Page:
Jessica Dunn: Amplifying Texas voices
Jessica Dunn has always known exactly who she was and what she wanted to do. Born in New York City and relocating to Oklahoma at a young age, she was always looking to make positive changes in people’s lives. Now located in Texas, Dunn is now the proud new Chief Executive Officer of Leukemia Texas. You may have recognized her from her extensive and amazing work with organizations like the American Red Cross, the Dallas Stars Foundation, and the March of Dimes.
Jessica’s advocacy began at a very young age. With the positive influence of her mother, she was always standing up for those who needed a voice. When Jessica was in the fourth grade, her residential town would perform birthday balloon releases, where many balloons would be released at once into the sky. Jessica did not want the town to take part in the release because the resulting pollution would harm the local bird population. At that moment, she vowed that one day she would be the one to speak her mind and make the changes necessary to protect vulnerable populations, and that is exactly what she did. Jessica has never looked away from those in need, even when elected representatives and people in charge left them behind. When Jessica was in high school, she and her classmates competed in a statewide tournament where she placed in the Fashion and Merchandising competition. Jessica’s placement allowed her the opportunity to compete at the national level in Orlando, Florida. However, her trip would have needed school sponsorship, for which she was told they were not planning to allocate any funding. Instead, the school chose to fund – in full – a brand-new football stadium. Jessica was taken aback at the destruction of this opportunity, as she knew that a national placement would help the school’s reputation. This taught her that the higher-ups do not always make the greatest decisions, or even the right decisions. This resonates with her to this day.
Jessica’s humanitarian work has always been one of the most important things in her life. Knowing very early in her life that she wanted to help people, she began working for the American Red Cross during the devastating aftermath of hurricane Katrina. Jessica has always believed that passion is the most important thing when it comes to non-profit work, as it can be physically and emotionally taxing. Though passion is imperative, Jessica also emphasizes the importance of mental wellness in the non-profit industry. The emotional strain that can come from non-profit work – and every field of work – can distract oneself from their own mental wellness. Jessica is a purveyor of putting mental wellness at the forefront of one’s mind. Mental blocks can make non-profit work extremely difficult, though for Jessica, it’s not the only thing. Women in the non-profit industry can find it difficult to be taken seriously by their male colleagues. Stereotyping is a hardship that Jessica has often had to overcome. During an interview, Jessica was questioned about who would watch her children while she was away. She was flabbergasted upon hearing this, knowing very well that her male colleagues would not have been asked the same question. Additionally, upon being called into an office, Jessica was questioned about what she was going to do about her hair, which at the time was cut short. She was told that her haircut at the time made her look too “motherly.” Something as simple as hair became another thing that no one would question her male colleagues about.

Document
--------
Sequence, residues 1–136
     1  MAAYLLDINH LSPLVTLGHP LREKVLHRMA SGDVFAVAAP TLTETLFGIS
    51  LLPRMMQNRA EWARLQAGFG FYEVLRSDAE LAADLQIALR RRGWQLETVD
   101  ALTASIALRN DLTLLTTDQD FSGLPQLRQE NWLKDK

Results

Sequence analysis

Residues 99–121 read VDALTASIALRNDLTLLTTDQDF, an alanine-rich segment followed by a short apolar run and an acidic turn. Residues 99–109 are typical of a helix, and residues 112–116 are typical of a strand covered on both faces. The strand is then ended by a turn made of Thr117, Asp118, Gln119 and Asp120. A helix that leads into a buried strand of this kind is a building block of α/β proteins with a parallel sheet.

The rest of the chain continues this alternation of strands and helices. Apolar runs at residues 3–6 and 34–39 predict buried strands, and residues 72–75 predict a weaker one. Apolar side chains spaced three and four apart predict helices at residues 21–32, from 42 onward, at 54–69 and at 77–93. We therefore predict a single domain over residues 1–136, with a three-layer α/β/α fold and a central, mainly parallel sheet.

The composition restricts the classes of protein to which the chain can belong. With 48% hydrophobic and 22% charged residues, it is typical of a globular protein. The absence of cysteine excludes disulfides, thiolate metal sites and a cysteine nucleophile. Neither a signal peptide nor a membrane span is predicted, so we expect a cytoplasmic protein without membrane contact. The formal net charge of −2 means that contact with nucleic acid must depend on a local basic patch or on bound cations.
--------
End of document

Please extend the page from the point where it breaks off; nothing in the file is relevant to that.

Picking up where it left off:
These stereotypical blocks did not stop Jessica from pursuing her passion for changemaking. Having to defend her choices as a woman – as a person – did not prevent her from continuing to move up in her career in non-profit management. In November of 2018, Jessica and her sons began a petition to reconstruct Highway 380, which crosses between Collin and Denton County. Due to the jurisdictional limitations, there was never any law enforcement activity on the highway making sure the roads were safe. Jessica did not accept lack of leadership as a viable reason to not make changes to this dangerous area. She had friends of hers spread her petition on Facebook, which now has over 12,200 signatures in total. Additionally, she helped mobilize people to share their stories and rounded up volunteers. Jessica was met with unwanted comments about how there should be a man as the face of this movement so that people would listen to their message. Unphased, Jessica took the struggle to a mayor pro-temp in one of the local cities in the area. Eventually, the issue gained traction thanks to public mobilization efforts; however, people in power decided to allocate all the credit for organizing to themselves, and not to the public. This did not discourage her from keeping up her fight.
Jessica believes in the power and importance of self-perception and assurance. After years of experience with non-profit work, she hopes that people feel comfortable enough to come forward about the issues that are important to them. Everyone has a voice that deserves to be heard, and this is one of the pillars of passion. Years of facing down difficult projects have not extinguished Jessica’s desire to make change. For her, representation matters. Jessica promotes the great importance of “fully understanding and being supportive to other women, especially [so] that they know that they’re not alone.”